(Never thought when I took this photo I’d write this story! I was just thrilled at seeing the spinning wheel. It was in a “museum” that’s actually just a guy’s attic filled with [dusty] family heirlooms. It was still very cool to look through and photograph simply because you never know where a story will pop out… I had to crop the photo quite a bit because I basically just photographed everything haphazardly that day as there wasn’t a lot of time. Plus, I’m not so sure I was allowed to take photos, come to think of it. Well, they didn’t tell me not to!)

Day 4: Story

"Play for us while we finish our tea," my mother said and I went over to the piano, leaving my sewing project behind on the kitchen table. I paused, my hands hovering for a moment above the keys before deciding on a slow prelude by Chopin. After the intense storm that lashed our village, everything was returning to its normal, quiet self even though the ship hadn't returned yet.

I listened to my mother make small talk with our neighbour, Klara, while they sipped their rooibos tea. Mother always said that the rooibos worked better than tea leaves when it came to reading.

They fell silent as the last tea was drunk and the leaves prepared for the reading. I held my breath even as I played.

"Is it... good news?" Klara asked after some time.

I looked around to see my mother shaking her head. She prepared the leaves of her own cup and stared at them for some minutes in the silence before doing the same to my leaves.

"What is it?" Klara asked, her eyes searching for clues in the tea stuck to the inside of her cup.

"Owls and broken anchors," my mother whispered. "They're not coming back."


I walked along the shore, just out of reach of the water, and watched the horizon. The water was dark, as if it knew it had to hide the worst of the men's fate from our eyes. A flash of red, white, and blue caught my eye and my blood ran cold. A ship's flag.

Wading into the waves, I retrieved the piece of cloth that was heavy with salt water. No sooner had I touched it, than the last moments of the ship flashed across my vision.

I saw the boat flounder, and the men slowly drown. And, as if he knew that I'd know, Charles whispered to me his final farewell before closing his eyes and sinking beneath the waves before his soul rose up, bright, into the air.

(Talking about heirlooms, the cup and saucer is part of a tea set that I inherited from my grandmother.)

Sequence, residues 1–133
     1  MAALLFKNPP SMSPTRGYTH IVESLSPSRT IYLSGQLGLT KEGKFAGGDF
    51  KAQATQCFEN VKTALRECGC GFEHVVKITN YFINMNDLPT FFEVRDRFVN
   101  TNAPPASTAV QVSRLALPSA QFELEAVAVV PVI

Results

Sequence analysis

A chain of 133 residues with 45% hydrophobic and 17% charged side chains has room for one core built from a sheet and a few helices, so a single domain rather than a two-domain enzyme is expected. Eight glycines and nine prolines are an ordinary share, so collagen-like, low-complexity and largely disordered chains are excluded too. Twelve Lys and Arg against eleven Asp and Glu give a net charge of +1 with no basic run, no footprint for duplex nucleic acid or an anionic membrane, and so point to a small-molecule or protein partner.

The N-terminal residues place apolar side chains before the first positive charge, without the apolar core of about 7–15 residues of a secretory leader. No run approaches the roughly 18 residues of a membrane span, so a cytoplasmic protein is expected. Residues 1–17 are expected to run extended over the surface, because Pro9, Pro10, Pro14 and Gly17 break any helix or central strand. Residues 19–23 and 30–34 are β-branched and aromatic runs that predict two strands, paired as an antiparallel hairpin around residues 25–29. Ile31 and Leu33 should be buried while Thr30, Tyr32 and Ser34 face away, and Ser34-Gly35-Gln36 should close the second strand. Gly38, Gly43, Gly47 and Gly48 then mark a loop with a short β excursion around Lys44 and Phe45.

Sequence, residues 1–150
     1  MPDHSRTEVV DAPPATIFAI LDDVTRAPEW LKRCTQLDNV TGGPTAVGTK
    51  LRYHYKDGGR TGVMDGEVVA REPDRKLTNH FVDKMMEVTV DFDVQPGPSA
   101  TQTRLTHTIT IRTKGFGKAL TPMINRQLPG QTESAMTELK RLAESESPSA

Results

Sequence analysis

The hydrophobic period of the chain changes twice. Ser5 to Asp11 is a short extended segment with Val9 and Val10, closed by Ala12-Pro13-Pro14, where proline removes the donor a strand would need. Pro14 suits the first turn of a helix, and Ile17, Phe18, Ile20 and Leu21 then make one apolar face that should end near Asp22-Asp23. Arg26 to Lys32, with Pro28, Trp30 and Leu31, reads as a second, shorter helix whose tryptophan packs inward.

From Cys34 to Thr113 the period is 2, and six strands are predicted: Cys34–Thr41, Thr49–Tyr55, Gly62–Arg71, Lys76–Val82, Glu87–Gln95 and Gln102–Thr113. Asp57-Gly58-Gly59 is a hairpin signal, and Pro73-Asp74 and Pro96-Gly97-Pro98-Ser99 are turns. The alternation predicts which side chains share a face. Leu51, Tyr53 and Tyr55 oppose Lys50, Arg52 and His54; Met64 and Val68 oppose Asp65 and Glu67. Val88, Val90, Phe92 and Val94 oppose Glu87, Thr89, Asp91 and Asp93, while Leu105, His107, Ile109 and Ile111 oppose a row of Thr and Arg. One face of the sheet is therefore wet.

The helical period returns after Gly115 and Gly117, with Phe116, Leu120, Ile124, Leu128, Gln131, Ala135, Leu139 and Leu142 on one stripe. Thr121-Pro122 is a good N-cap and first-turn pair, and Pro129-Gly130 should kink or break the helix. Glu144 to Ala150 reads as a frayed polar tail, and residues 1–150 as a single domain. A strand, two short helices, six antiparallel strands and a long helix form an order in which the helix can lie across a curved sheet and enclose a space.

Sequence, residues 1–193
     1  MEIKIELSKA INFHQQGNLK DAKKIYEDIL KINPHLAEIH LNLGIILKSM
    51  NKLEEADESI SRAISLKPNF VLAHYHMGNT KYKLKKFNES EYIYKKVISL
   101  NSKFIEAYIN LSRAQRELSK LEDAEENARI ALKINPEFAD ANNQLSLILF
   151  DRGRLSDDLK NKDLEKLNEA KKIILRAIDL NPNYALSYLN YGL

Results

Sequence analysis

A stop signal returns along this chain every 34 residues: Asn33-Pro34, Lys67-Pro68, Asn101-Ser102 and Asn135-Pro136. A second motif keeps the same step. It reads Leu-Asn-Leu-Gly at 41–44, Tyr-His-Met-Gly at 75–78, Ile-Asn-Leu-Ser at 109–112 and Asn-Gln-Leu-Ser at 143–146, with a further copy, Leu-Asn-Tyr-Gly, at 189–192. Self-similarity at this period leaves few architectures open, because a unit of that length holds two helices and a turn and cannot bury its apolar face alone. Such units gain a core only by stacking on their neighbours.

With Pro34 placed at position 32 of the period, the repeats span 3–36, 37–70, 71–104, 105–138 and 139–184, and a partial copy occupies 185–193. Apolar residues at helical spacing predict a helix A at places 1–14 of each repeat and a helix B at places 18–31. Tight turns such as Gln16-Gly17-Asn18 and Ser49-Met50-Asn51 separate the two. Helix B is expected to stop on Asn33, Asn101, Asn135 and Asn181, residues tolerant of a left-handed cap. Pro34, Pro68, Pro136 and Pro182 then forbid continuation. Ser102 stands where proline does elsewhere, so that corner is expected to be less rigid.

Day 5: Middle

The rosebush stood in the middle of the garden. The rest of the garden was seldom looked after, but the rosebush - whose flowers bloomed throughout the year - was pristine even in midwinter. The owner of the property was rarely seen. Groceries left at the filigree garden gate seemed to disappear into the house without anyone ever fetching them.

Some had whispered that Lily had lived there her whole life just as the rose had been blooming there her whole life. Others told how the rose was planted on the day she was born, early on a frost-bitten winter's day. The rose bloomed on the first day, the one who remembered it, said.

She was eighty now, even though Lily of the rose scarcely looked over forty.

"Strange family," she said as she leaned back in her chair on the veranda and sipped Earl Grey tea, staring at Lily's home. "Lived there all these years. As long as anyone could remember even in the days of my grandfather. It was as if they had just always been here. And always a rose bush blooming come rain or snow. Even during the drought of '05. And that year everything had shriveled. Everything. Except that rose."

"Lily's lived alone all these years?"

The old woman nodded. "She did have a lover once, long ago. Old John's brother who died in the war." She sighed a long sigh. "The one year the rose stopped blooming. Lily was beside herself with grief, nearly died if you ask me."

"And since then?"

"Since then it does a heart good to see the roses. It's like knowing all is well in the world."


Lily waited for midnight before going out into the garden. The moonlight formed a halo around the rosebush and, if you looked at it at just the right angle, you could see the dark doorway between the worlds that it guarded. She took the pruning sheers and snipped off a few of the dying leaves. No use making anyone worry that the town's future was balanced on the edge of a knife.

She touched one of the blooms and drew some of the power from it. The bloom faded, but the wrinkles around her eyes disappeared. She had to keep going for them. She was the only one left, now.

(Unfortunately this particular rose was destroyed that same afternoon by a stray soccer ball being kicked into the rose bushes - it’s in the complexes’ communal garden. I wanted to take a photo every day showing how it opened up. Go figure.)

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Until next time, stay safe!